A ballot initiative potentially restricting development opportunities at Redondo Beach’s King Harbor was allowed to move forward last year. A grassroots group – Rescue Our Waterfront – opposed to the current iteration of CenterCal’s The Waterfront project spearheaded the ballot initiative in hopes of preventing what it thought was an oversized mall from being built on the edge of King Harbor.
City officials, in an analysis published in December 2016, stated Measure C, if approved, would not necessarily prevent CenterCal from realizing its Waterfront project.
“There is a question of law as to whether Measure C would require California Coastal Commission certification prior to taking effect,” Redondo Beach City Attorney Michael Webb stated in his office’s analysis of Measure C. “If Coastal Commission certification is legally required, then even if approved by the voters Measure C would only be contemplated legislation and cannot take effect as official law unless the Coastal Commission approves it.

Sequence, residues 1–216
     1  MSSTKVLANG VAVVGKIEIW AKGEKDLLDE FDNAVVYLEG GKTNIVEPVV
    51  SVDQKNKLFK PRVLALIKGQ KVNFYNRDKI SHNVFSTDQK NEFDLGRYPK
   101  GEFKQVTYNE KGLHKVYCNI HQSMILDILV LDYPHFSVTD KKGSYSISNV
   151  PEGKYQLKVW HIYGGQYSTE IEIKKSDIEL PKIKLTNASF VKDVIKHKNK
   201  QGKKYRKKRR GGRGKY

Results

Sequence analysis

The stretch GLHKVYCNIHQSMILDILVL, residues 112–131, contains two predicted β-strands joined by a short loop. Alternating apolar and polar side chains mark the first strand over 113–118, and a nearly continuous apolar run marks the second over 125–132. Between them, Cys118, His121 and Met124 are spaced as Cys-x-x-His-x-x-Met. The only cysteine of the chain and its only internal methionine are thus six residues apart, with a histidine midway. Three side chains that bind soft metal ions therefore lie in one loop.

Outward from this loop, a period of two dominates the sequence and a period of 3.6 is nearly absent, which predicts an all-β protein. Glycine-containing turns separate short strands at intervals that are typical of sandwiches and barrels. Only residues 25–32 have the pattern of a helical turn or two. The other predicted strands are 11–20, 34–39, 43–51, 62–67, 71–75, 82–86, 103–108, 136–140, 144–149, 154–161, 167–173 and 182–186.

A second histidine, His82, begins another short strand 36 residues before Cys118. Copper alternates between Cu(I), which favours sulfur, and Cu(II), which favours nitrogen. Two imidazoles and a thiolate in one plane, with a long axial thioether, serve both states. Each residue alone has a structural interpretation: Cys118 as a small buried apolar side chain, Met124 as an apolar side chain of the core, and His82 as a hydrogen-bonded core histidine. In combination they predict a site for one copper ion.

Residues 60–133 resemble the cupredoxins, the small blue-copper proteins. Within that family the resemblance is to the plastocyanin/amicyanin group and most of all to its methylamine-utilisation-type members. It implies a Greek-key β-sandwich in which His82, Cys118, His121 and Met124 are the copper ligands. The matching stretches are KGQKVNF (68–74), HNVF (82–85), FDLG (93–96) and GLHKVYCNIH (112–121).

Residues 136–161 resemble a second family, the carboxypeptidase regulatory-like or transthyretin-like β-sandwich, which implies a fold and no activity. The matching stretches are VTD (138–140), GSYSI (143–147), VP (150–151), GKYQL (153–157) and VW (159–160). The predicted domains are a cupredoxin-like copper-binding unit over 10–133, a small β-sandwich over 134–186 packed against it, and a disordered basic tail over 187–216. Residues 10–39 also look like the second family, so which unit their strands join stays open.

“It is uncertain whether Measure C would interfere with any vested development rights already obtained,” Webb continued in his office’s analysis. “Portions of this measure potentially conflict with existing law and might not be enforceable if adopted.”
Measure C, also known as the King Harbor CARE Act, aims to halt construction of The Waterfront because it would violate a voter-approved zoning ordinance, according to the initiative’s supporters. The zoning ordinance was approved by Redondo Beach voters in 2010 and set parameters of the city’s future coastal development. However Measure C’s supporters and opponents disagree about the scope of the zoning ordinance.
Voters will decide on the fate of Measure C during the March 7 primary election. The initiative either allows for an economically viable redevelopment of King Harbor, according to Measure C’s opponents or builds an oversized waterfront mall, the initiative’s supporters argued.
Results of the March 7 election – and its potential effect on Redondo Beach’s Waterfront project, will be covered in The Log’s March 10 issue.
(Parimal M. Rohit photo)